[EDITORIALS]Appeasing rice farmersThe administration and the governing Uri Party have agreed to bring before the National Assembly in September the rice deal that was approved by the World Trade Organization in April. They have also come up with a series of measures to aid farmers in the coming era of the open rice market. Sixteen of the 20 aid measures proposed by farmers themselves have been adopted by the government.
These include an increase in financial aid to rice farming families, and in government contributions to the farmers’ trust guarantee funds. With the exception of some ideas that would have violated WTO regulations, the government has heeded the farmers’ requests.
Given that bringing the WTO agreement before the National Assembly could not be delayed any longer, the government and the Uri Party took the stance that they were open to all reasonable ideas from the farmers.
The measures announced yesterday were considered the government’s way of preparing for the aftermath should the Assembly ratify the agreement; this proves they were designed to minimize farmers’ opposition to ratification. The government had previously introduced financial aid plans for farmers, but added more benefits after dissenting voices grew louder.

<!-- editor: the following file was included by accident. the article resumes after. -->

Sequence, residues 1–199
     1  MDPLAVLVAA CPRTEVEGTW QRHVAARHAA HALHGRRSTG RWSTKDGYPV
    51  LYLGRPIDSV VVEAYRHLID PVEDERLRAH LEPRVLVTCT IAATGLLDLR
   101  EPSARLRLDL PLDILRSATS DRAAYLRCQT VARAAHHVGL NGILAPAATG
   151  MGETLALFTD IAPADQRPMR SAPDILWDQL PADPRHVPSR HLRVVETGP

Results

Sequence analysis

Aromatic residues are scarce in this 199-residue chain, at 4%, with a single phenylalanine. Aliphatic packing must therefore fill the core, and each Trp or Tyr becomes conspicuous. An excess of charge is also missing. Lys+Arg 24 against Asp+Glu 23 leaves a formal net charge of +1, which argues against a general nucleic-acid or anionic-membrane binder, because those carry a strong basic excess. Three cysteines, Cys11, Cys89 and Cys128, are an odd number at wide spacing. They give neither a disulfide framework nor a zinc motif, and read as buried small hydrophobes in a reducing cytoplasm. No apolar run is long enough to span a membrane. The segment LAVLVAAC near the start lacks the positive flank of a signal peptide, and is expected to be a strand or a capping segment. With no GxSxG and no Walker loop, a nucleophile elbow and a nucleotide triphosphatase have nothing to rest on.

We understand the anxiety of farmers as they face an open rice market. But that possibility has been with us for a decade, and the 10-year delay in adopting a flat-tariff system, as included in the WTO deal, actually reflects the farmers’ demands. Farmers should therefore understand that outright resistance to ratification will not solve the problem.
The fact that the latest series of supportive measures were chosen through discussion with farmers is an encouraging first step toward resolving the issues surrounding the opening of the market. On the other hand, the fact that these plans were created for the sole purpose of appeasing the farmers sets a bad precedent, and sends the wrong message: that the government may eventually give in to persistent demands by its citizens. The government may not be able to stop other interest groups and their demands with the same approach.
As for the farmers, they should now be making plans for the 10 years that they have before the flat-tariff system comes into effect, instead of simply asking the government for help.